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Often attributed to the East, this phrase is probably no more Chinese than the hundreds of sayings attributed to Confucius when we were growing up. But it has a certain inscrutable air to it, so the Chinese get blamed. As far as I can tell it can be traced to pre-war Britain, and connotes the kind of foreboding that was gathering in Europe at the time. However it came about, the phrase is an apt one for Malaysia’s troubled political scene.

As one of the least fragile democracies in South-East Asia, Malaysia has experienced the kind of economic growth that other countries in this region admire and envy. Only Singapore has developed more rapidly following independence in this part of the world. But unlike Singapore, Malaysia has the beginnings of a genuine democracy, and in the last election the opposition parties gained the control of several states, including Selangor, the state in which Kuala Lumpur is located, and the most prosperous state in the country.

The response to this growth of political maturity has been mixed, with some relishing the political vitality, and some genuinely fearing for the perks that now appear threatened by an opposition victory. It is in this context that the death of a young aide to the opposition party must be cast. Teoh Beng Hok died in the custody of a quasi-police organization, the MACC, his body broken from a fall from the building where he was being detained and questioned. The political fallout has been swift and unavoidable.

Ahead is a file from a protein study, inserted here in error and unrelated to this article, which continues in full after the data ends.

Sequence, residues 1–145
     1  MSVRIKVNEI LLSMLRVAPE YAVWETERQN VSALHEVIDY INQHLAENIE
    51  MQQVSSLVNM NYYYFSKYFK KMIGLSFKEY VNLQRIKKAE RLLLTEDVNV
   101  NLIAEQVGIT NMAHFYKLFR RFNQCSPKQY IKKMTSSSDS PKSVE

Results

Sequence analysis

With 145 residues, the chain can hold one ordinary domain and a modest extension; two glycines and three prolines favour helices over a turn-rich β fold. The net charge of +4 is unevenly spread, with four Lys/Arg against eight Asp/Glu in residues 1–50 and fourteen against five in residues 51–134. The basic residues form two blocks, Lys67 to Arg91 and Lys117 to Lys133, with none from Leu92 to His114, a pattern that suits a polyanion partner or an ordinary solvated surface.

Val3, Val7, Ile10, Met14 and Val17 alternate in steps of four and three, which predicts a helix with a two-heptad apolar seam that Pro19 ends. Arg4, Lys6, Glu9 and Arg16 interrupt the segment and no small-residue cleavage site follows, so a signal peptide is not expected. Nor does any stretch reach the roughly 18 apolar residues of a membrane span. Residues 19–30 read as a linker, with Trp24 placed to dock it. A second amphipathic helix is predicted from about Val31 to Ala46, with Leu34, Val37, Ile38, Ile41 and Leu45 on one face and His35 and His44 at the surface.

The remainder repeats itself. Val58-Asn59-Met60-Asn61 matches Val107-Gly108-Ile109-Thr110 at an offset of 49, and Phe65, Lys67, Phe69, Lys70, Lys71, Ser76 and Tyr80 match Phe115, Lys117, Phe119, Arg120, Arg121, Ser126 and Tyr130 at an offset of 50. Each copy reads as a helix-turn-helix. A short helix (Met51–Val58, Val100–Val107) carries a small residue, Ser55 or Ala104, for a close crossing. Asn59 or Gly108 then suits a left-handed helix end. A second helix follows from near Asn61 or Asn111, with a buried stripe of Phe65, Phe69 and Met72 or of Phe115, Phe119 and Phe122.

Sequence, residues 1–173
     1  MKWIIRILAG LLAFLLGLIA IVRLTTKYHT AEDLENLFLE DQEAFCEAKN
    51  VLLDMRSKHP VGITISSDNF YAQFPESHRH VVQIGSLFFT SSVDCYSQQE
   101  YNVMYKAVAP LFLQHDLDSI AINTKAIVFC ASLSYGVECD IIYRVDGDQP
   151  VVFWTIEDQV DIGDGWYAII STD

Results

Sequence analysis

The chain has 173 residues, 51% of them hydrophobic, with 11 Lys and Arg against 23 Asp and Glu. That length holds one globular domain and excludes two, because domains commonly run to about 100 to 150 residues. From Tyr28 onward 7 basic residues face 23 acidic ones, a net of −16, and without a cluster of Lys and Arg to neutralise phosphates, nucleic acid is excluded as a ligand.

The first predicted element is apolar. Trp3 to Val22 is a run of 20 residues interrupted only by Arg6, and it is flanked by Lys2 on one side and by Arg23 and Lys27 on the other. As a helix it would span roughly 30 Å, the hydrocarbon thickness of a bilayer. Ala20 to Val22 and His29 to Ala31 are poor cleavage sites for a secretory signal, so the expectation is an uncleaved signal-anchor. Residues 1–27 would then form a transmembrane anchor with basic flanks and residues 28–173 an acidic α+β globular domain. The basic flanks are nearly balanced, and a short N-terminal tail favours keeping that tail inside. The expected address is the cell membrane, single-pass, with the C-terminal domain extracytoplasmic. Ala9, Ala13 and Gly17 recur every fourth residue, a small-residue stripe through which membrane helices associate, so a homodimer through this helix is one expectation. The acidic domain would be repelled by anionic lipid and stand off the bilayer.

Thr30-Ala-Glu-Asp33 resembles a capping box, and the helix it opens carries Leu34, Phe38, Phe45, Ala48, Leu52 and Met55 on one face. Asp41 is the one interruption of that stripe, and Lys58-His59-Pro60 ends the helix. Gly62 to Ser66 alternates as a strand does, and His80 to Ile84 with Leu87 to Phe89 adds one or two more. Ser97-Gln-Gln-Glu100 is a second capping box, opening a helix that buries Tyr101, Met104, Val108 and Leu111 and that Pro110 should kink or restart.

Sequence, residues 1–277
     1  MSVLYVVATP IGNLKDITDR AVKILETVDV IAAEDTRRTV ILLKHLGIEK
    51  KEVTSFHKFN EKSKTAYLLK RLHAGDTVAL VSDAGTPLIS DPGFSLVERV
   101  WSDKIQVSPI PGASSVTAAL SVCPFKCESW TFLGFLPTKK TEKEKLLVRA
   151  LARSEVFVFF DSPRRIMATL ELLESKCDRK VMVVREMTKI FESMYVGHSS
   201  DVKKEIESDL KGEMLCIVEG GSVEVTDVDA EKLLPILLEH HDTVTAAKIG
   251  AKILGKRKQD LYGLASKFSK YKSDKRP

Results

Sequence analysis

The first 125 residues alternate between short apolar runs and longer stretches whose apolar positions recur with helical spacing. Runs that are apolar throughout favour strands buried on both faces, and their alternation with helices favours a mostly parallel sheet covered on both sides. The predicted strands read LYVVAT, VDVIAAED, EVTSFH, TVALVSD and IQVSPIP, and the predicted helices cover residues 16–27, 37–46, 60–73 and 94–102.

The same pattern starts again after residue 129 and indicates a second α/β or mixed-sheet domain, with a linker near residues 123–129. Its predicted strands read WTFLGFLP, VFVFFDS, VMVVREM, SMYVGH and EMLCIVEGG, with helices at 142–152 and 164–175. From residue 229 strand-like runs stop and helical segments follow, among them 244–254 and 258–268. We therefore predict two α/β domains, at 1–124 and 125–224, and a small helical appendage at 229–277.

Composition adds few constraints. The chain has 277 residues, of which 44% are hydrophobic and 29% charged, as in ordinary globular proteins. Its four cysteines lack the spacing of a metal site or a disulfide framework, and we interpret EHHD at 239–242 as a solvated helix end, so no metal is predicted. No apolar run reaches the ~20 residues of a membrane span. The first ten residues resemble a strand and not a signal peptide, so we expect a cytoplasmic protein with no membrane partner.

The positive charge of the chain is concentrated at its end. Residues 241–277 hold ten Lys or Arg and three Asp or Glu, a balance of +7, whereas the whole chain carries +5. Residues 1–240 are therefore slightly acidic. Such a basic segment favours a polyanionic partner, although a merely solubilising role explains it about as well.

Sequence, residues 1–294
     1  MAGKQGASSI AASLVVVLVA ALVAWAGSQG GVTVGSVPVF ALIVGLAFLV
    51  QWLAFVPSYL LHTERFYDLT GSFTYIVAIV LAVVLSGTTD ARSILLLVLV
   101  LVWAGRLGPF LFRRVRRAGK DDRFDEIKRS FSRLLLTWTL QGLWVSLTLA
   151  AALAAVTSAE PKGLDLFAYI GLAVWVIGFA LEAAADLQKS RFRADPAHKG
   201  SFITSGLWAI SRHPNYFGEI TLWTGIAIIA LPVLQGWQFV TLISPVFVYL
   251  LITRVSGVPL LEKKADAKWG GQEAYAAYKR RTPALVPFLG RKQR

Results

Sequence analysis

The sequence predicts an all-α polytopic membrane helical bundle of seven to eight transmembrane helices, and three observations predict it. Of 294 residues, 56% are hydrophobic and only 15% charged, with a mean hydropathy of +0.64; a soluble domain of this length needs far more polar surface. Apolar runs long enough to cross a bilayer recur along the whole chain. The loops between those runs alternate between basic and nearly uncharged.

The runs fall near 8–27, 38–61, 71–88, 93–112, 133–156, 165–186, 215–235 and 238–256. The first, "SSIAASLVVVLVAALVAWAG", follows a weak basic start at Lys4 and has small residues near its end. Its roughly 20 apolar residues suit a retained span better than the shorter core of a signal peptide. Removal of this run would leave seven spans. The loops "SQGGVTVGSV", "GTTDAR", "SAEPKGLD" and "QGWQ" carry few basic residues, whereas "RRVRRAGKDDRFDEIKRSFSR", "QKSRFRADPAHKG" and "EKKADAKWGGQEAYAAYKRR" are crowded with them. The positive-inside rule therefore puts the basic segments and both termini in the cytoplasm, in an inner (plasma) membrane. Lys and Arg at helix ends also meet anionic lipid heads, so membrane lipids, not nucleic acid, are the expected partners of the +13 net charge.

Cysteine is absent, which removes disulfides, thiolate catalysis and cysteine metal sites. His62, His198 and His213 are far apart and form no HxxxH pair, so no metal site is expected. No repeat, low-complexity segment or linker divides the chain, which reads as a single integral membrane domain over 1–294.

The opposition party has called for an independent investigation, and the parents are refusing to buy the official version that their son somehow went missing from MACC custody for several hours. A new twist was added today when a leading member of the ruling coalition crossed the floor to the opposition benches stating that his conscience would not allow him to remain in the government any longer. The government controlled media are understandably supportive of the official line, but the internet is abuzz with rumours and accusations. Interesting times indeed.

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